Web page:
Wednesday, February 13, 2008

Expansion on my response to Deneen

I have been thinking about my response, and in light of the comments on my post and his, I wanted to add something.

My argument about Deneen's case being moral, not economic was not quite clear, and this is what I would like to address.

This particular response pretty much sums up the objection:
I had to note, however, after that first distinction that the student is making between "moral concerns" and "economics concerns" that since morality deals with human action and economics is about various types of action, how could economic decisions not be morally considered? To put it another way, is there an entire sphere of actions that are simply non-moral?!

The assumptions of economics, that rational people, aware of the consequences of their actions, make choices in their own self-interest are, in my opinion, sound. These assumptions are then used to project what the outcomes of people's decisions will be. Frequently, these result in the most efficient use of material resources possible.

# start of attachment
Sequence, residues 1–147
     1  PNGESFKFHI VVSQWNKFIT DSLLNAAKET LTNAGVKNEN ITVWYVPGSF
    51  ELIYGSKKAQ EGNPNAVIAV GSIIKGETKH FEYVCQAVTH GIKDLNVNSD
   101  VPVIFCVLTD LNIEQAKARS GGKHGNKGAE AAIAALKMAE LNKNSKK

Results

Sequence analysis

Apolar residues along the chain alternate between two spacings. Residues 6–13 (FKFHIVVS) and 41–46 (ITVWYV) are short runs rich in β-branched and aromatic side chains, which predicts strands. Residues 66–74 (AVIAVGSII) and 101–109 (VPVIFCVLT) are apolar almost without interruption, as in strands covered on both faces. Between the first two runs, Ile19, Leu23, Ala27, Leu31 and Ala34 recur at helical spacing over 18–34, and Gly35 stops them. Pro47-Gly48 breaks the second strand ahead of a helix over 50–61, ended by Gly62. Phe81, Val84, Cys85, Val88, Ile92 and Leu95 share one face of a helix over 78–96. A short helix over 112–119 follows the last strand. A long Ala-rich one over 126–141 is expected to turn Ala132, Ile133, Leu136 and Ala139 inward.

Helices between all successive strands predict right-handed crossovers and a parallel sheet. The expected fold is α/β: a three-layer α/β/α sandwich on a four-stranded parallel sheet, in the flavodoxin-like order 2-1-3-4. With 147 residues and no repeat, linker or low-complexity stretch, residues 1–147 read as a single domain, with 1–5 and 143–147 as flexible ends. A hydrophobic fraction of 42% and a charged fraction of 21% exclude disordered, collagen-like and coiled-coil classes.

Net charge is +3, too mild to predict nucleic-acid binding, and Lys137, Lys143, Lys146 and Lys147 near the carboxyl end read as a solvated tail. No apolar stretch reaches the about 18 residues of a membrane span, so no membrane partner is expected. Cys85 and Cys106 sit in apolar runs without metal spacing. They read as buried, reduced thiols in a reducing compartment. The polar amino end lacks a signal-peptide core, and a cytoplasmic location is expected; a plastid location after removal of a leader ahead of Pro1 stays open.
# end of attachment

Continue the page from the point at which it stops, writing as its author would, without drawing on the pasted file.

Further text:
Economics uses people's preferences to determine how people make choices. It makes no moral judgment about the people's preferences because it is not trying to change them, only determine what the outcome will be, given the preferences people hold.

You can argue that the preferences people hold are immoral, and a case can be made to change those preferences. However, economics is not in the business of changing them, only accepting them to predict the outcomes. This is where the "is" and not "ought" comes in. You can use economic tools to determine the outcome under the counter factual hypothesis of preferences that reflect your moral preferences. Perhaps the outcome is less efficient, as I believe it would be in Deneen's case, but then the question is whether the material costs are worth other benefits, such as decreased alienation, salvation, etc. In short, is the Good worth the loss of goods?

The issue is not with economics, but the libertarian idea that we should not make judgments about people's preferences. That is a moral issue, not an economic one. I hope that clears this up.

1 comment:

Anonymous said...

kid, study your economics and give up the back and forth with Professor D. He's cultivating his bow tie George Will thing (maybe he'll get the tap on the shoulder as the replacement); there is no winning to be had, no persuading to be done here. He has got a tone and style that he seeks to perfect and facts will be crammed in to fit the turn of phrase. This is the way the whole crew rolls. They blurb their books, get the conservative $$ for their journals, and for the most part, write for themselves. Hillsdale College, and then the world!

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